Take a Lesson from Human DNADNA says stop using LEAN!

We have been taught that we get our genes from our parents. Remember the line about every cell containing the all the DNA needed to create an entire you? Well, that is sort of true, mostly true. Scientists have learned that our genetic mechanism is a little more adventurous than previously thought.

You see, when our gene pairs split off, the ‘system’ allows for about a 1% mutation rate. Wildcards. 1% of your genes have a bit of creative freedom to contribute a modification to the original plans. This seems to be just enough to keep extreme variance under control while permitting ‘innovation’ to the human organism.

Yeah, that sounds a bit complicated so let me get this into a simple form. Our genes are not constantly pairing off perfectly at each cell split. There’s room for change. That’s good and bad news, but mostly good.

It means you can experience genetic damage. Cancer. Cells can go nuts. They can reproduce wildly and kill you. True. But, genes can adapt to fight cancer too. Genes can make other little adjustments that can benefit us. And, those subtle changes can be passed on to the next generation.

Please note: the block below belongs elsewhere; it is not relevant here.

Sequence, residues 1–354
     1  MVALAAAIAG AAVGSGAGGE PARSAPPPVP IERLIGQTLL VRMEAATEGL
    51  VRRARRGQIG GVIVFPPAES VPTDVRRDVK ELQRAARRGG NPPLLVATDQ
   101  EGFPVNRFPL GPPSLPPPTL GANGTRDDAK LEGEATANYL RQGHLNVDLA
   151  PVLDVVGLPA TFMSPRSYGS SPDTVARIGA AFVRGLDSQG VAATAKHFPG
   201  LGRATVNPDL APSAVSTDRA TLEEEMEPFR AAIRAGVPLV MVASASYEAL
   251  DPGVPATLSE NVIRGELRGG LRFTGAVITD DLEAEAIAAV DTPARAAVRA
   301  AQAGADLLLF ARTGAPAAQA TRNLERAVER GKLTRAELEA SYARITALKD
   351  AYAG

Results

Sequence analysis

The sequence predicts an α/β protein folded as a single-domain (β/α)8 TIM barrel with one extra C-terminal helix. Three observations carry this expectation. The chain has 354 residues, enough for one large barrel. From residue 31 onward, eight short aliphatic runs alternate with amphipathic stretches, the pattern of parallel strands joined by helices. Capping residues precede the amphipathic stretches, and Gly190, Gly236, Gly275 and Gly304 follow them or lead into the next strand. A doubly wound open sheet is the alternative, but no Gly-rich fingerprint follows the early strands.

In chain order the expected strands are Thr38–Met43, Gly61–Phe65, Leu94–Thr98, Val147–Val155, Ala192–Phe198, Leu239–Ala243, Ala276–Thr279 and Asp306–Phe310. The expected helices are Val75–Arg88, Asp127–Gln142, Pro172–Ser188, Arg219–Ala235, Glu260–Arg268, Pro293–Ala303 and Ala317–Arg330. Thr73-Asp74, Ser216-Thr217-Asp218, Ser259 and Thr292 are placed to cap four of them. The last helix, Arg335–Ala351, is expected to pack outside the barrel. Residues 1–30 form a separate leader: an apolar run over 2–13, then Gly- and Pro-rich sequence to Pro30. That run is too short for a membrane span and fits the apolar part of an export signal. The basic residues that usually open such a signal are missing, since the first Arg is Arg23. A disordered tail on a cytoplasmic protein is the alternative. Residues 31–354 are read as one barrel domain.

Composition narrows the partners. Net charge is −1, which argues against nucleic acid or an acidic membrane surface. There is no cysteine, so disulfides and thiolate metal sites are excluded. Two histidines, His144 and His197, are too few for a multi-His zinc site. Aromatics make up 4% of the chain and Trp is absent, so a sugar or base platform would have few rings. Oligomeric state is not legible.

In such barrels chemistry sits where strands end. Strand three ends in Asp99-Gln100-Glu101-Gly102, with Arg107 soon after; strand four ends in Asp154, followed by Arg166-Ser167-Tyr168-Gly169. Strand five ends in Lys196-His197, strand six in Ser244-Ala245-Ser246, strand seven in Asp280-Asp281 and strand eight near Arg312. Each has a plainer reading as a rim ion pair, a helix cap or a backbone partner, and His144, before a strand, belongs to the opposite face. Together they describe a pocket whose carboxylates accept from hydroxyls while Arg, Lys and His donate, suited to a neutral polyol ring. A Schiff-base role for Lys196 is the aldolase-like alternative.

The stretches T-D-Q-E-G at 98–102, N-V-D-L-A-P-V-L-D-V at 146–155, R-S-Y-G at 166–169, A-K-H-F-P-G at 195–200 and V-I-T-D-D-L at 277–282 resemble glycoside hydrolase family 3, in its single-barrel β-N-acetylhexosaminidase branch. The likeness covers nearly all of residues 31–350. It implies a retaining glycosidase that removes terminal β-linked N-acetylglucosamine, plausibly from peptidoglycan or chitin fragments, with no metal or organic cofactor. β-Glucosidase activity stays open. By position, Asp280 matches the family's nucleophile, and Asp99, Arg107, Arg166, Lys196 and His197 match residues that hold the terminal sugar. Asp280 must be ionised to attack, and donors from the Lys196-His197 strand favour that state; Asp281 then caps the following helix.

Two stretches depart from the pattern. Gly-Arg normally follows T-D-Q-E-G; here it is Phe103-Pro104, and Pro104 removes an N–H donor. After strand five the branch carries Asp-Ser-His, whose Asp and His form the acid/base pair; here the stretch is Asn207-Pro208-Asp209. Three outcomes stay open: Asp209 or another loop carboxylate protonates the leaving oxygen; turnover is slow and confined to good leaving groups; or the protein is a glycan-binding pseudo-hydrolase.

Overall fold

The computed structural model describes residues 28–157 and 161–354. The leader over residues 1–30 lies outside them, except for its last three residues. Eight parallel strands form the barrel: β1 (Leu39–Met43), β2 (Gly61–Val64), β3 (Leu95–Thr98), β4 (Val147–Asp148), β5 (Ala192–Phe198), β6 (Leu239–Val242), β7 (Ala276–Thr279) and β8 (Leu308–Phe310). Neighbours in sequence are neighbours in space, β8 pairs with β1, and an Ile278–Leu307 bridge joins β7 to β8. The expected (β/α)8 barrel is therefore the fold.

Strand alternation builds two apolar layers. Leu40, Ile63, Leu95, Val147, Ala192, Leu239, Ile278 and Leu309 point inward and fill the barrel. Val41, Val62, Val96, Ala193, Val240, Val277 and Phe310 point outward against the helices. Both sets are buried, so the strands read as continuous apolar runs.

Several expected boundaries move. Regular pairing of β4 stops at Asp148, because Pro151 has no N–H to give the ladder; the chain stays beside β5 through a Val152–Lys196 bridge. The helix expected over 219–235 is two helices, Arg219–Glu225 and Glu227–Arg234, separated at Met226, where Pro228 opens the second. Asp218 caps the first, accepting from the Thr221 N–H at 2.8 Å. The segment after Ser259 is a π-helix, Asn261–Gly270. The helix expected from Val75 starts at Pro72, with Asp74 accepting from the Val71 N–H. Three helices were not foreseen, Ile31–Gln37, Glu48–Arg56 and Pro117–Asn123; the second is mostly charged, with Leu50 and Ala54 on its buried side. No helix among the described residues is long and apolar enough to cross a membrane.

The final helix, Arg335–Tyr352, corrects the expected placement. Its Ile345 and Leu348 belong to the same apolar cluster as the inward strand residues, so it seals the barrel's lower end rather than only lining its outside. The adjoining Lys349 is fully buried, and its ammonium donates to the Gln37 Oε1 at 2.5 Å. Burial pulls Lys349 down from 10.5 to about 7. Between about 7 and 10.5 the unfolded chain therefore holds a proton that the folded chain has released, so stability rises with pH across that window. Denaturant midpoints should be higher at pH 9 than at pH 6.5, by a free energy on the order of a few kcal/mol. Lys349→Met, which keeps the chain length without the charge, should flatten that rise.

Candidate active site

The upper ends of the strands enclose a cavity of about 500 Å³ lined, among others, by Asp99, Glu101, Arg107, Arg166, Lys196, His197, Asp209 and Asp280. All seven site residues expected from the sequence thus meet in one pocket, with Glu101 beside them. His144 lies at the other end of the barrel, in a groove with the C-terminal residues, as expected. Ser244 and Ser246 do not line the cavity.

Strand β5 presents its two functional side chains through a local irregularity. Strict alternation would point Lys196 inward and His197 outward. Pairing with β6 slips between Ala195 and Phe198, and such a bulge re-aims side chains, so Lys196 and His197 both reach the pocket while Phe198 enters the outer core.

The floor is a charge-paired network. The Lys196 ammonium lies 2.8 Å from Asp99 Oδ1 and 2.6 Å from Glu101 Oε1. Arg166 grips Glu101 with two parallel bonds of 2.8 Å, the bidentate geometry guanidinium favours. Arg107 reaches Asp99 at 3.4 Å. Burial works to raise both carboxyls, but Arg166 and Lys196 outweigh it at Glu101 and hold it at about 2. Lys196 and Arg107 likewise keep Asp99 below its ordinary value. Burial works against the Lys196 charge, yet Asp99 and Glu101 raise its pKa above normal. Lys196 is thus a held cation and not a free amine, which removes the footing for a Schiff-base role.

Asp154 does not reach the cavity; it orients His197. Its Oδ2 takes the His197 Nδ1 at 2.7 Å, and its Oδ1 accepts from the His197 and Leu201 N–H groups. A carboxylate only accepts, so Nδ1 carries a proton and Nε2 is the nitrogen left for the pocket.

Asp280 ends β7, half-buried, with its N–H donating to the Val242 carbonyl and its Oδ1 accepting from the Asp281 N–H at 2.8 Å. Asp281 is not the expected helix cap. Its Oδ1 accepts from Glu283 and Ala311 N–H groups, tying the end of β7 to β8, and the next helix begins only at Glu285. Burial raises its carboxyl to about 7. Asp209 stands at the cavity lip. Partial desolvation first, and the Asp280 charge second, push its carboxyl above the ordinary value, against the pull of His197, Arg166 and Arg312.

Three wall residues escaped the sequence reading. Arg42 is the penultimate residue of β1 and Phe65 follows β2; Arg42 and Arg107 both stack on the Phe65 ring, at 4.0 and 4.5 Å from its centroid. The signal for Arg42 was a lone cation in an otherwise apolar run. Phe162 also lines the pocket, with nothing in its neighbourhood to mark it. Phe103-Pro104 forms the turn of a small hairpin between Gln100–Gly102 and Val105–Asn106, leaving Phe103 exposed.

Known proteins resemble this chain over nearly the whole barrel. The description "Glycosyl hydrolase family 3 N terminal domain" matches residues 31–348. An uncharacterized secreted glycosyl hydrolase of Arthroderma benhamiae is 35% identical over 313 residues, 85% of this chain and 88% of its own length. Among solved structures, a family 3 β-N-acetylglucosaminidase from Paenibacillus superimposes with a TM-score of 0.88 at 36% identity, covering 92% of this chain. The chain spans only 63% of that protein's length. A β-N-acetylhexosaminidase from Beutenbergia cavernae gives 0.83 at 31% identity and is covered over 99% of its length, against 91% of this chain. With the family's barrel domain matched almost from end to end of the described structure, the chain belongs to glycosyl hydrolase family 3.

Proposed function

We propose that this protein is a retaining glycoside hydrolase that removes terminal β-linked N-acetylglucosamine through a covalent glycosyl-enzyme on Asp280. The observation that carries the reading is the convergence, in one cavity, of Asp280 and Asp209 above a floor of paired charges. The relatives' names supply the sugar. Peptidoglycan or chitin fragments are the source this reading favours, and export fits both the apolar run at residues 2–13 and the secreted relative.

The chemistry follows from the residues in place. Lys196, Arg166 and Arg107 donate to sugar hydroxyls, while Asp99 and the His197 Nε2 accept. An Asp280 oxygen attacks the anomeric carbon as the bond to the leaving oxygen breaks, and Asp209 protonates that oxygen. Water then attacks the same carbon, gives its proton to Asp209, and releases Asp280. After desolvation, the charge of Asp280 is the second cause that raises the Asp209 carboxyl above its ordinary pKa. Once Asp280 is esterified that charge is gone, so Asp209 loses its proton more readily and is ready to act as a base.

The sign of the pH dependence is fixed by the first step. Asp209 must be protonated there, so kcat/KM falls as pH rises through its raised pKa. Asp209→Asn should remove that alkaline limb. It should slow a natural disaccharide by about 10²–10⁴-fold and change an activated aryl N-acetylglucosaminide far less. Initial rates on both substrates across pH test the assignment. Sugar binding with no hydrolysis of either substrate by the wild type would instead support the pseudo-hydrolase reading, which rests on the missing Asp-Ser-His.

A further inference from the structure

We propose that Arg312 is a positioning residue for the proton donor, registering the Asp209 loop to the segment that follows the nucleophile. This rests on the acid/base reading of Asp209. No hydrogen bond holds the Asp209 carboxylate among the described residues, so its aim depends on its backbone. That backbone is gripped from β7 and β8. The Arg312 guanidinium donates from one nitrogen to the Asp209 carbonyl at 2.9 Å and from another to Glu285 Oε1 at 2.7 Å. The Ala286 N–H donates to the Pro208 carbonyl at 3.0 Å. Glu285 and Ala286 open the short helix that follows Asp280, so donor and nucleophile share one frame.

What does that mean? It means, biologists and geneticists please forgive this simplification, that we can pass traits we did not inherent to the next generation. We can create a trait on our own and pass it on.

Think about that. If we only had inherited traits, there would be very, very little difference from generation to generation. Obviously, children can be very different from their parents. Why? Because nature allows for a bit of genetic experimentation.

So how does this apply to business?

I see many businesses wrapped around the axle of “LEAN” management techniques. Managers with only a superficial understanding of business adopt LEAN and become tightly bound to ever tightening processes. If something goes wrong, it means they need to close another loophole. Keep closing loopholes until the process works perfectly.

It doesn’t work. It doesn’t even make sense. In business, this is called “tight coupling”. Managers make everything so tight, so structured, so organized that nothing can possibly go wrong.

Then, when something outside of the expected hits, the tightly coupled system breaks.

Actually, the tightly coupled system will begin to break, you’ll see stress fractures, long before an extraordinary event. Morale will slip. Passion subsides. Antipathy sets in.

Even nature ‘understands’ that allowing a little slippage is, in the long run, a good thing. Sure, a wrong turn could result in cancer. But it could also result in a stronger being. A faster runner. A smarter thinker. A stronger worker. A gifted musician.

Can you see what all this means?

Before you give the screw another turn, think about allowing a little freedom at the joint. Let people make decisions. Let them make mistakes and in the long run, they will learn and perform better.

Sure, that’s scary. But if you hire competent people you have nothing to worry about.

Chris Reich,